Upon the UK’s exit from the EU, the FCA will become the UK regulator for trade repositories. To facilitate the smooth transition of the regime, the Treasury has published a draft Statutory Instrument (SI) which includes two registration regimes for firms – a conversion regime to allow established UK trade repositories to convert their registration into registration with the FCA, and a temporary registration regime for UK legal entities which are part of the same group as a trade repository with an existing ESMA registration. If a firm doesn’t fall in to either of these categories, its application will be assessed in line with standard procedures within the regulations which govern trade repositories.

Temporary authorisations regime for data reporting service providers

The Treasury has published a draft Statutory Instrument (SI) to allow MiFID authorised EEA Data Reporting Service Providers (DRSPs) to apply for temporary authorisation to provide data reporting services in the UK in the event of no implementation period post-Brexit.

DRSPs will be required to apply for temporary authorisation, to the FCA’s Market Data Processor (MDP) system and pay the appropriate fee. Relevant firms are required to notify the FCA no later than 30 working days before exit day (29th March 2019) if they wish to apply for temporary permission and the notification window is expected to open in early 2019. Firms should apply as soon as possible as MDP conformance testing can take between six and eight weeks, depending on the firm’s onboarding requirements.


FCA consults on improving the approach to funds investing in illiquid assets

Following the announcement of the UK referendum on EU membership in June 2016, a number of property funds had to temporarily suspend trading as investors simultaneously attempted to withdraw their funds. This has raised concerns around the potential for consumer harm arising from open-ended funds investing in illiquid assets, particularly in stressed market conditions.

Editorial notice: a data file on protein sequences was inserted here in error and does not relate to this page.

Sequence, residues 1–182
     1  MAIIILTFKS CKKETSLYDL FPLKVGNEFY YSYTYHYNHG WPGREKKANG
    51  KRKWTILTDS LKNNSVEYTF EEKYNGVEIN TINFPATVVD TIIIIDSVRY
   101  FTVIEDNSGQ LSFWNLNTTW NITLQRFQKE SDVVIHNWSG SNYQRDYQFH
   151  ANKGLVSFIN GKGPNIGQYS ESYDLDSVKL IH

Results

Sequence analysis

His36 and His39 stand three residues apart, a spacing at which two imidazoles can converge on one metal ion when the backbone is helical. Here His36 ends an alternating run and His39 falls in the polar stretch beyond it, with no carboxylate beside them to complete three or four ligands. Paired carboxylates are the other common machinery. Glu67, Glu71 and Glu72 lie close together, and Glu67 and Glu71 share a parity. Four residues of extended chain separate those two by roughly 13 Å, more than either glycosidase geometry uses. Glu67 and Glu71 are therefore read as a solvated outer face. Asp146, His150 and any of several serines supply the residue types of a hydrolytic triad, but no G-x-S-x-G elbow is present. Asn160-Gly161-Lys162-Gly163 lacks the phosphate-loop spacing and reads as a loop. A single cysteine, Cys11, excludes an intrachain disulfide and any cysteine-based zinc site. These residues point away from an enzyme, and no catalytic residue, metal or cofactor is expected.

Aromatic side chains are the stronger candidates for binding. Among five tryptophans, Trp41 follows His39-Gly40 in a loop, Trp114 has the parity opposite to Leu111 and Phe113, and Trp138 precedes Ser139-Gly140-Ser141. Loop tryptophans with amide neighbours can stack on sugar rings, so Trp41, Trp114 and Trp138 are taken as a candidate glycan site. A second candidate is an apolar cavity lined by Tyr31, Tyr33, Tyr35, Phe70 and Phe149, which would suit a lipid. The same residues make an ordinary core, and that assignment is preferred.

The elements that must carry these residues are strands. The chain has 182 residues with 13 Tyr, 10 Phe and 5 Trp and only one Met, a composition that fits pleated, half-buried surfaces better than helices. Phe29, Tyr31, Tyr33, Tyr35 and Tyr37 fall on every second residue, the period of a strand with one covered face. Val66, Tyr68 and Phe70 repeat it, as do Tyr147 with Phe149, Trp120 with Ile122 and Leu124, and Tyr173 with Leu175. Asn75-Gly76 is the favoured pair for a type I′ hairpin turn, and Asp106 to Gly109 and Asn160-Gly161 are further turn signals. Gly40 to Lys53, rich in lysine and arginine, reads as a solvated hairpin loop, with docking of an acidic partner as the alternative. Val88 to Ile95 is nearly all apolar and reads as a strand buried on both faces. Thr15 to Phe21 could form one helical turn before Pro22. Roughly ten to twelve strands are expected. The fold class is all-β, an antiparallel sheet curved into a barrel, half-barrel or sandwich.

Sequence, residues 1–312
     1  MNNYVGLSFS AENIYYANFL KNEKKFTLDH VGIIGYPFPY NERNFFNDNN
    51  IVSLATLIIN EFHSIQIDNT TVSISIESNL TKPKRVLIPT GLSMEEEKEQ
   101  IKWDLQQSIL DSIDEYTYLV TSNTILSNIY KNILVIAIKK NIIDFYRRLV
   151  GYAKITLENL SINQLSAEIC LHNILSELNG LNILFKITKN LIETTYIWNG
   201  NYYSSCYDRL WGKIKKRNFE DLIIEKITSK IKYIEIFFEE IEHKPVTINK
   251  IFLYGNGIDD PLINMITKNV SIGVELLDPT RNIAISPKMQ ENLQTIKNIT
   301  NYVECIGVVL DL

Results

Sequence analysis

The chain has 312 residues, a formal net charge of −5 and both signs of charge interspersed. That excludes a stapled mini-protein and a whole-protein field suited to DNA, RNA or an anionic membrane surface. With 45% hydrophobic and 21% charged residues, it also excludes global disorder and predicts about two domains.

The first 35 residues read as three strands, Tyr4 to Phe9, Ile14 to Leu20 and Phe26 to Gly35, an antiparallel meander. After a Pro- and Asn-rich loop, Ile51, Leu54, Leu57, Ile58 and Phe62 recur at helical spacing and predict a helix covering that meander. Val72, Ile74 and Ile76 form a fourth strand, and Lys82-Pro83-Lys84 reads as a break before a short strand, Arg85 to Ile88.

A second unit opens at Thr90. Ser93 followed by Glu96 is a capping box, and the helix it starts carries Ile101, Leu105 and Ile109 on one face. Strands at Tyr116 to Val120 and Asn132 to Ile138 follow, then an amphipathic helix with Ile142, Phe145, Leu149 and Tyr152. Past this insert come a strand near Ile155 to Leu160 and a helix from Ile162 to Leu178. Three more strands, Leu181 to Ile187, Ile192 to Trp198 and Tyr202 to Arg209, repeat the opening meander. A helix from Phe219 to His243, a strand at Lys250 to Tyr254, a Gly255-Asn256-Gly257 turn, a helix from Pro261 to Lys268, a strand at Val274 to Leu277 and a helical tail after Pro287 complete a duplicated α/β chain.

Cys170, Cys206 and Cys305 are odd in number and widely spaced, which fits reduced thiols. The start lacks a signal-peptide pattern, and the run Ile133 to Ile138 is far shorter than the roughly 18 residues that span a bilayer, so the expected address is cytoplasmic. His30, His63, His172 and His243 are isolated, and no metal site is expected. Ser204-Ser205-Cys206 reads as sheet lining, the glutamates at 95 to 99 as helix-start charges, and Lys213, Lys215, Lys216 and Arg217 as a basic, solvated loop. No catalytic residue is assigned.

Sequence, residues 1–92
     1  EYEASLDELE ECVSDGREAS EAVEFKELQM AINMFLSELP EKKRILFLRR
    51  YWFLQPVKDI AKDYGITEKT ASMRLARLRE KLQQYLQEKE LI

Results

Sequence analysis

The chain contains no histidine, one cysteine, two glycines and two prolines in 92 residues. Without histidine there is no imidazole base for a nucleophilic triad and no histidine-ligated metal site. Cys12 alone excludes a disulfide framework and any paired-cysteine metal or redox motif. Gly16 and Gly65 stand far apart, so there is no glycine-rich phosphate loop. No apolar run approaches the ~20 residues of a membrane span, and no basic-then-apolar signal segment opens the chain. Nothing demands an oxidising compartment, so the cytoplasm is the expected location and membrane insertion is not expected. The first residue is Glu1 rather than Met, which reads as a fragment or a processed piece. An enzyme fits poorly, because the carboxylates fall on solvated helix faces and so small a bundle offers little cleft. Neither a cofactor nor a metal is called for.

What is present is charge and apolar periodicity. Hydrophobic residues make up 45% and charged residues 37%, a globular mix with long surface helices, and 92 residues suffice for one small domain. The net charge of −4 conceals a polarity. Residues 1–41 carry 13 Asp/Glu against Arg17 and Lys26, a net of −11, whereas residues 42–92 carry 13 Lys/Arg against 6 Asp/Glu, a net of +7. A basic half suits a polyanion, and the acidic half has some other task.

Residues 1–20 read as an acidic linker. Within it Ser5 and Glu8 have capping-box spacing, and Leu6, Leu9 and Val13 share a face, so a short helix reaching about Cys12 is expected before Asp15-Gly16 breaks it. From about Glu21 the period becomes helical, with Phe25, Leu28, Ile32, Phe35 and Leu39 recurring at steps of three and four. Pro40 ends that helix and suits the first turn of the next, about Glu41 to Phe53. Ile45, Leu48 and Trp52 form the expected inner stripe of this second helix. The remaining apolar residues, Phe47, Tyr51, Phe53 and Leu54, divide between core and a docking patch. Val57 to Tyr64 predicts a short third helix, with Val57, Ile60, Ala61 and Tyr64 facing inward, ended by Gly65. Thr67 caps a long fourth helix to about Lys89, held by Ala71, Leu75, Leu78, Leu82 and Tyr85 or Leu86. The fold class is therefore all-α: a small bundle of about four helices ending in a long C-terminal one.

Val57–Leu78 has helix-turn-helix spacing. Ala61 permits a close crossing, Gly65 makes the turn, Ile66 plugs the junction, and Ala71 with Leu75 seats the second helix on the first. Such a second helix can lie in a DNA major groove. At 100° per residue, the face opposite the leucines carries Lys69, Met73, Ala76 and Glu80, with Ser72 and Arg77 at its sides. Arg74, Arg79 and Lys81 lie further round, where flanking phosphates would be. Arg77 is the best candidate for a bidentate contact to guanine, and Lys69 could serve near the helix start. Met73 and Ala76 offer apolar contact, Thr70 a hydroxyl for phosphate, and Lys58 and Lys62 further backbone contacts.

The event raised a number of questions around the effectiveness of the different approaches to liquidity management and how to balance the interests of investors looking to redeem their holdings, with those wishing to remain.

Following a market investigation, the FCA has concluded that the use of suspensions and other liquidity management tools work as intended and that a major overhaul of the regulatory framework isn’t required. However, the regulator is consulting on additional requirements around the suspension of dealings and measures to improve both liquidity risk management and disclosure.

Suspension of dealings in units

The FCA intends to introduce new rules that require authorised fund managers to suspend dealings in NURS units where the Standing Independent Valuer (SIV) expresses material uncertainty about the value of immovable assets that account for at least 20% of the scheme property.

These requirements will also apply to where at least 20% of their scheme property is invested in funds which have suspended trading due to material uncertainty.

Improving liquidity risk management

To address shortcomings in fund managers’ contingency plans, the FCA intends to introduce new rules to require all fund managers to create and maintain contingency plans for exceptional circumstances. These plans should include:

  • How the fund manager would respond to a liquidity risk crystallising